The experiential space included a yoga and meditation room, reiki healers, masseuses, ice skating rink, sound bath, coffee and tea specialty wellness bar, Alo products on display and plenty of Instagram-friendly backdrops — like an enormous plastic bubble that touched the ceiling, filling up with fake snow to the effect of a life-size snow globe with the letters “Alo” in the center.
“We need that on social media,” Harris said. “We need that platform and that education to help people deal with so many things that we are struggling with today. With Alo House, the idea is to have everything in one place to embody everything that we believe in. I want to inspire people in these communities to be able to live these extraordinary lives. And then also, hopefully, to be able to educate or inspire influencers through their own following [in order] to educate people in regards to the practice of yoga or mindfulness, or to quieting their negative subconscious and amplifying their positive subconscious.”
Harris added that more Alo Houses are in the works, “popping up for the next decade all over the place. And I would expect them to get bigger and better as time goes on.”
But unlike other pop-ups made for social media, Alo doesn’t charge its community for the experience.
“I don’t believe we’ll ever charge people to go to Alo House,” Harris said. (A representative for the company added that celebrities and influencers are not paid to attend events.)
The same, the cofounder said, is true for the recording studio that is in construction in the Los Angeles headquarters and plans to open on Jan. 17.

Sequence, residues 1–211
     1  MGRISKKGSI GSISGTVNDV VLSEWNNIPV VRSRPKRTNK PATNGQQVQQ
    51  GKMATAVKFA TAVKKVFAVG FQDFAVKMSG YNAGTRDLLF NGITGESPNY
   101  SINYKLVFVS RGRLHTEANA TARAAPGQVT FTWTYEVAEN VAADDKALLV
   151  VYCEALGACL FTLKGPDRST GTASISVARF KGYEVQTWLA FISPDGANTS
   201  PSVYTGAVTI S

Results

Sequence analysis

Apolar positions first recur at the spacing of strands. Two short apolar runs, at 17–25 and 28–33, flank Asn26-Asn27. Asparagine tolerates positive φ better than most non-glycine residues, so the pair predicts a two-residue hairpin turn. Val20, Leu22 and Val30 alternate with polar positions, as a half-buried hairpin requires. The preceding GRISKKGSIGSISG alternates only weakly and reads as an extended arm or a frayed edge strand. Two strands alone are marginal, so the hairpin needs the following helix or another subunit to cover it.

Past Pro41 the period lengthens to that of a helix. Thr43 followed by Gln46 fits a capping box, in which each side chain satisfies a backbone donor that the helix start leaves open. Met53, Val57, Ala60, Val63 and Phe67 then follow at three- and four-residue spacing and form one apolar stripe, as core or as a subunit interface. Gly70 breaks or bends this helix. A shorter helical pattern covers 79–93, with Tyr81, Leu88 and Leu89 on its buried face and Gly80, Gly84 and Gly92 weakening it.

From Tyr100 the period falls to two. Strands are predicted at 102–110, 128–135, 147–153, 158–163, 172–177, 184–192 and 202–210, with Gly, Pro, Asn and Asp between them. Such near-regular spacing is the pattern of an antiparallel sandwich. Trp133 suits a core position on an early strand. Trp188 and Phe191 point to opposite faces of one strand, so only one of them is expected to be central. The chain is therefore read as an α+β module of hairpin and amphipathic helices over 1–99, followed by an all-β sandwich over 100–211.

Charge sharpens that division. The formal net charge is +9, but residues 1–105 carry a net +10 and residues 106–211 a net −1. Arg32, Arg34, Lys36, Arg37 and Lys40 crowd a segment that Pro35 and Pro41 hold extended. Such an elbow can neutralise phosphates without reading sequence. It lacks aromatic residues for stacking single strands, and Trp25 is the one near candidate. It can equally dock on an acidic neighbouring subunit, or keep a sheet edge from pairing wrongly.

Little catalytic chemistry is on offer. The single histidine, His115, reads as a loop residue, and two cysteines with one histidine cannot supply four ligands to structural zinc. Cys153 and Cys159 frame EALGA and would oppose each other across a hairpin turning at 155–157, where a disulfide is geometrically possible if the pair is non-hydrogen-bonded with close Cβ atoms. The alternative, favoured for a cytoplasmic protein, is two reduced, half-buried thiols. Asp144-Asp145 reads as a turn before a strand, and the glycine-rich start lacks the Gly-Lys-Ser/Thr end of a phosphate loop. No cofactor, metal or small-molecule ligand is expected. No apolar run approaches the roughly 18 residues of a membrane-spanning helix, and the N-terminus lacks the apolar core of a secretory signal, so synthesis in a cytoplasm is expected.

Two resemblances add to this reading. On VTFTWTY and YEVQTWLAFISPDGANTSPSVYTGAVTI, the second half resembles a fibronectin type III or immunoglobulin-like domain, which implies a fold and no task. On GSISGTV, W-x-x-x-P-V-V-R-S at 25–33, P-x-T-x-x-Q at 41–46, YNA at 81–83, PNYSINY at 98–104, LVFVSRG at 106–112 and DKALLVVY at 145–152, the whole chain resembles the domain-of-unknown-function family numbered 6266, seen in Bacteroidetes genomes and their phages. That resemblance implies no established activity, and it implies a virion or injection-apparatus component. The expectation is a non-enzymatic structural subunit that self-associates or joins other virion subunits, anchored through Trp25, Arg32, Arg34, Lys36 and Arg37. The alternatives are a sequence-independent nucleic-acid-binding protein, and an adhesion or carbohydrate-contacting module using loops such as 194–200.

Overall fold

“We believe that influencer, fashion, entertainment, music, education of wellness, they all need to merge, so then [wellness] things can go mainstream and inspire people to live these better lives,” Harris explained. “And if you can inspire the entertainment world, there’s really no bigger megaphone than music. We want recordings, if you will, of health and wellness-type stuff. If you were interested, say, in coming out with your next rap song, this is probably not the right recording studio, unless you’re incorporating wellness into it.”
The space will include a recording studio with producer Benny Blanco and four podcast rooms, in addition to the 10,000-square-foot gym, 80-person yoga studio and 100-person movie theater already in Alo’s southern California headquarters.
“This is going to be the epicenter of health and wellness and education of the world,” Harris said.
Harris wouldn’t comment on the current annual revenues for Alo, the brand he cofounded in 2007 with Marco DeGeorge. (Earlier this year, he said revenues were “significantly more than $200 million annually.”) Harris did say, however, that “we own 100 percent of the business. And we finance it 100 percent. And we are just in a very fortunate position over the years to have built a really good business with really strong relationships and partnerships and employees and management to where we can do anything in the world we want. We can finance anything ourselves. If we wanted to open up 100 stores next year we could. But we don’t want to.”